Predictive factors for severe maternal morbidity in Brazil: A case-control study
MetadataShow full item record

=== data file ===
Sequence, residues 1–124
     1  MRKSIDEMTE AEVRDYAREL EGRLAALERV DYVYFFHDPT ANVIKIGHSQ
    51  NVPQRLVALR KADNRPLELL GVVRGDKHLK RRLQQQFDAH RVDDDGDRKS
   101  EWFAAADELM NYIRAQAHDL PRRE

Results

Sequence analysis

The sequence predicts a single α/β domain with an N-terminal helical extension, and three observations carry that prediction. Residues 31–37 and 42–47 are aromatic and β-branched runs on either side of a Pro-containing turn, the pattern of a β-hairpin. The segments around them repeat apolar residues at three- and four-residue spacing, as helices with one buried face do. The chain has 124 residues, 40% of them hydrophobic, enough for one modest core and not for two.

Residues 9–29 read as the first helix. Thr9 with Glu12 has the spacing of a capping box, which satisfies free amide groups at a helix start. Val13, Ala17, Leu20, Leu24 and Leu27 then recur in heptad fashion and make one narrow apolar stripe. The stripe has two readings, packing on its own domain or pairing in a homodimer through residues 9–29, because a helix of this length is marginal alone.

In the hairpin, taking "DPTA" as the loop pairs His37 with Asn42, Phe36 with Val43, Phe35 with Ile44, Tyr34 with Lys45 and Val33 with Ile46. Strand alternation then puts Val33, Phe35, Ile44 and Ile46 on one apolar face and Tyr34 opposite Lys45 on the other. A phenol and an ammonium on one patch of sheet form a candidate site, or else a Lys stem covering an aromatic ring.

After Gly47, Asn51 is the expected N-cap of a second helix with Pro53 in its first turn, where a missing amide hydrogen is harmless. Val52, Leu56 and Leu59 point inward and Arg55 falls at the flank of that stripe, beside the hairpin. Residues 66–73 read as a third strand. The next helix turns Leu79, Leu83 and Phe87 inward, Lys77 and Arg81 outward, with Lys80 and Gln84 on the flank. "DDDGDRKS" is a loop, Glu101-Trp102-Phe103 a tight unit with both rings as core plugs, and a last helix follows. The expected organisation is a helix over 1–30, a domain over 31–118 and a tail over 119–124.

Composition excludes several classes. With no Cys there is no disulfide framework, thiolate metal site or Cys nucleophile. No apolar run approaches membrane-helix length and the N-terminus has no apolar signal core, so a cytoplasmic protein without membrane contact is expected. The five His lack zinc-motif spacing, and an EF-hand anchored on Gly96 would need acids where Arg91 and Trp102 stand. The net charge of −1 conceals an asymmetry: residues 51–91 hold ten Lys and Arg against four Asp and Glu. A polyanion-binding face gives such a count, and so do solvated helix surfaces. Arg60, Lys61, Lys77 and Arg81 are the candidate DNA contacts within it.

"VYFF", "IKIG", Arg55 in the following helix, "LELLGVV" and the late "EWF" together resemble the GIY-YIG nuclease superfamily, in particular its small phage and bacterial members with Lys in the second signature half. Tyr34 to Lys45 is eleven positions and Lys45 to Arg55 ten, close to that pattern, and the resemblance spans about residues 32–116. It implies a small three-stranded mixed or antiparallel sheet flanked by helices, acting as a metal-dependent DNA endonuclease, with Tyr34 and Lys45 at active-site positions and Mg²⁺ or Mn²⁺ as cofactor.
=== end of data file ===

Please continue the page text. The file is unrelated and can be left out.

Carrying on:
The maternal mortality or maternal near miss ratio in Brazil reflects the socioeconomic indicators as well as the healthcare quality in some areas of this country, pointing out fragile points in the health services. The aim of this study was to estimate the association of diverse variables related to pregnancy and the occurrence of Near Miss in a population of women who were cared in public maternity wards in Brazil. A case-control study was performed. The association between variables and outcomes was verified through a chi-square test. A multiple analysis was carried out, producing odds ratio (OR) estimates with values of p≤0.25 in the univariate model. The results point to the following risk factors for Severe Maternal Morbidity: non-white (<0.001, OR 2.973), family income of up to two minimum wage salaries (<0.001; OR 2.159), not having a partner (<0.001, OR 2.694), obesity (<0.001, OR 20.852), not having received pre-natal care (<0.001, OR 2.843), going to less than six prenatal appointments (<0.001, OR 3.498), undergoing an inter-hospital transfer (<0.001, OR 24.655), and the absence of labor during admission (<0.001, OR 25.205). Although the results vary, the incidence of women with potential life-threatening complications is high in Brazil, which reinforces the need to universalize more complex interventions as well as coverage of primary care. The presence of precarious socio-economic indicators and unqualified obstetric care were risk factors for Severe Maternal Morbidity.